Marc fights someone in Jiu Jitsu. How long is this fucking book? Skip!
Chapter Twenty One
More swimming stuff. I feel my sanity slowly slipping away from me. Why am I doing this? Who am I? What is life? Skip?
Chapter Twenty Two
Marc does 10 pull-ups. This feels extremely anti-climactic. Why did Uncle Jake have him do 100 four chapters ago? I am left wondering if any of this has meant anything.
Chapter Twenty Three
Uncle Jake lets Marc know that his stupid friends aren’t “warriors” like him. Marc is better than all of them. Okay, I may not agree with all of Uncle Jake’s dickish tactics, but it’s pretty cool that he is transforming Marc into some form of a schoolyard super villain. Uncle Jake leaves, probably off to find the next loser he can fix. Goodbye, Uncle Jake. You were kind of an asshole, but you are also fictional.
Chapter Twenty Four
Marc heads back to school and his name may as well be Awesome McAwesomeson. He does third-grade math correctly. He does a shit ton of pull-ups in front of people. He tells his bully that if he messes with him ever again “I promise you will never forget what I do to you.” Wait, is Marc a bully now? Is that the twist? He eventually tells his bully he is free to play too. So… I guess not?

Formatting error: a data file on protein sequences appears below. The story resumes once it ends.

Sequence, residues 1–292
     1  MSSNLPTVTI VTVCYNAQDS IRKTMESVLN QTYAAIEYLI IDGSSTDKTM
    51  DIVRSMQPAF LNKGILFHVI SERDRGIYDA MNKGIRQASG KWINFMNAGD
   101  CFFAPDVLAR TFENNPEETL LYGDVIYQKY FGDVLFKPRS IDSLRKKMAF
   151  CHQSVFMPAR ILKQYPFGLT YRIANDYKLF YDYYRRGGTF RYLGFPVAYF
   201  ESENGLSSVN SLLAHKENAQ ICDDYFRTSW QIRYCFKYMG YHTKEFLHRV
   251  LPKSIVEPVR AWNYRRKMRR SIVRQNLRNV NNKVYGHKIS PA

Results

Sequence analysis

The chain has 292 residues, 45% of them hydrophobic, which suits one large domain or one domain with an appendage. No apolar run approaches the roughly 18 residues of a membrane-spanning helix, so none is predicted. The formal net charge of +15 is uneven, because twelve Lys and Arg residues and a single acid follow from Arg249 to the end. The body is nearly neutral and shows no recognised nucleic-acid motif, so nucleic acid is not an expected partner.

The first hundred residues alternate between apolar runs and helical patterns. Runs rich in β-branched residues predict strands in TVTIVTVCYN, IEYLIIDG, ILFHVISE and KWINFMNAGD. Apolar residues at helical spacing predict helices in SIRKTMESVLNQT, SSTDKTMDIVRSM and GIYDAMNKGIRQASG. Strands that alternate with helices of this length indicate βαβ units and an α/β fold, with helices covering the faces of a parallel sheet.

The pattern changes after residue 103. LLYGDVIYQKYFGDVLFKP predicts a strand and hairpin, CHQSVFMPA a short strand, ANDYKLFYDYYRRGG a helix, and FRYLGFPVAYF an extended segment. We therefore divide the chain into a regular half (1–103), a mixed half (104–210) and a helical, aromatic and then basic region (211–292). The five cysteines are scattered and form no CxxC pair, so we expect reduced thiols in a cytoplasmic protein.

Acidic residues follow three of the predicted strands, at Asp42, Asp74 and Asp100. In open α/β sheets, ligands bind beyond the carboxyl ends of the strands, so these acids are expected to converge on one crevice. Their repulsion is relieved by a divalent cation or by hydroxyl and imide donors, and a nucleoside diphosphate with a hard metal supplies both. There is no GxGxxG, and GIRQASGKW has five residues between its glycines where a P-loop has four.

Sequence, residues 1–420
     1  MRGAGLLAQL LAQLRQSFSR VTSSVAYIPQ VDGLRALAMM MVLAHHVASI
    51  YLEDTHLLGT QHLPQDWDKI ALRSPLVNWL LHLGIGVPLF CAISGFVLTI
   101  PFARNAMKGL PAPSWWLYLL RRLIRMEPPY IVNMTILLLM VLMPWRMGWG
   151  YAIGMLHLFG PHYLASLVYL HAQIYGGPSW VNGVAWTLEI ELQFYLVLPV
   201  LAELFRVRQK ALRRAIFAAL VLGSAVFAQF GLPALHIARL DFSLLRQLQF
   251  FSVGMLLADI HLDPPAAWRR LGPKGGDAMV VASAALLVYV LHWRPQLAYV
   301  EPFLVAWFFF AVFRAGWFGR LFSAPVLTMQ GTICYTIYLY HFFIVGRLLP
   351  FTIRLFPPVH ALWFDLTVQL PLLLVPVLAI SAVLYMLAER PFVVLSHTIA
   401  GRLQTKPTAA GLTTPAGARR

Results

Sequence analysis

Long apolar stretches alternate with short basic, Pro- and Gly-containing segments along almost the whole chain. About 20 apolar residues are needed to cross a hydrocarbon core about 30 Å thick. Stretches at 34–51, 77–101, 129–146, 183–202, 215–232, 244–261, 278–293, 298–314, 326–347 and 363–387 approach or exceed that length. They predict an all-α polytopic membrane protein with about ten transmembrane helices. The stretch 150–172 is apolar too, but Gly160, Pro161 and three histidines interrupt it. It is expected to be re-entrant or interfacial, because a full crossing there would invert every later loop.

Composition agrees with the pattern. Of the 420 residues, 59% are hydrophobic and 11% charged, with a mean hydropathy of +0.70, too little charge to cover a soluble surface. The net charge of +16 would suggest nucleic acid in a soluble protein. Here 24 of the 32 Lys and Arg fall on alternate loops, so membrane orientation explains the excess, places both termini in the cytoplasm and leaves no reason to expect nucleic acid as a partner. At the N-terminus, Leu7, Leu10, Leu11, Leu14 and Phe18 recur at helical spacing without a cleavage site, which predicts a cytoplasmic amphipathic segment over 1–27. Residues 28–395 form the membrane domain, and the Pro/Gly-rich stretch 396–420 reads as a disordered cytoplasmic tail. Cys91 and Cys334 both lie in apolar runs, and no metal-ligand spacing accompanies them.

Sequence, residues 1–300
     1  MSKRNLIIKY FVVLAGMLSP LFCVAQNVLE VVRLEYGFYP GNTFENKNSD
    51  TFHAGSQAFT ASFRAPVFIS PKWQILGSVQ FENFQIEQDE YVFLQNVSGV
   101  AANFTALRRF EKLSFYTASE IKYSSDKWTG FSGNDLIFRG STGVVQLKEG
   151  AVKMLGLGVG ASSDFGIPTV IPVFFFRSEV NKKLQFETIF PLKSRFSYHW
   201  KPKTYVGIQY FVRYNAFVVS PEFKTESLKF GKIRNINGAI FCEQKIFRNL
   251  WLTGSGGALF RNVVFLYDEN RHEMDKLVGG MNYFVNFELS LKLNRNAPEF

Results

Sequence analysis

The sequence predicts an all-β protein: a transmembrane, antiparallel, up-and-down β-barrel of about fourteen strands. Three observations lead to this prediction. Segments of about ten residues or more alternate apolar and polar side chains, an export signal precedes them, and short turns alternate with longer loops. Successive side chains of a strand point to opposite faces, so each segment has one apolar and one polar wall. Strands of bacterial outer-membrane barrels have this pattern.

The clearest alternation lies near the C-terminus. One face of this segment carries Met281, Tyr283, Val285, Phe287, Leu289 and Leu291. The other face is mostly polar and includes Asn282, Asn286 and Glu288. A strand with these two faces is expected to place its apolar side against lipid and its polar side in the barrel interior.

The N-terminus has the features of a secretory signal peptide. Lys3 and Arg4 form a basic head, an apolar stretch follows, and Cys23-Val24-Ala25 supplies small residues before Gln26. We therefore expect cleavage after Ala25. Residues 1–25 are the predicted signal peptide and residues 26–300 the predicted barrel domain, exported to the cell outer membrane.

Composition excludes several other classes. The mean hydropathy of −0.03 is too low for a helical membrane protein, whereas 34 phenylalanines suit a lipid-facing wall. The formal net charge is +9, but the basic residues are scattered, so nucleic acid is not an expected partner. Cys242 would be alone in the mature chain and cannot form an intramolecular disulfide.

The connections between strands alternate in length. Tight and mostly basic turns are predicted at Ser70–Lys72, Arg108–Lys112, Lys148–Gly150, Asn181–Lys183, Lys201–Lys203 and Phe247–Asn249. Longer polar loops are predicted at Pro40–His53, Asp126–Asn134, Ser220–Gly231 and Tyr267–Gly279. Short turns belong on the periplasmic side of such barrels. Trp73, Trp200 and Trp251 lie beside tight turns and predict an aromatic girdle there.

Chapter Twenty Five
Marc writes a letter to Uncle Jake laying out his “Warrior Kid Code.” I am way too bored to repeat it to you. But believe me, it is very dumb.
The end. I’m exhausted and I’ve learned nothing. I feel no compulsion to do push-ups or pull-ups. My code remains pretty basic. I wake up and do me to whatever degree that’s possible without harming others. Then I go to sleep. Does that make me a wimp? I don’t know, but I’m pretty sure that if all my friends got together we could beat up Marc.
Hopefully it doesn’t come to that.
This article was originally published on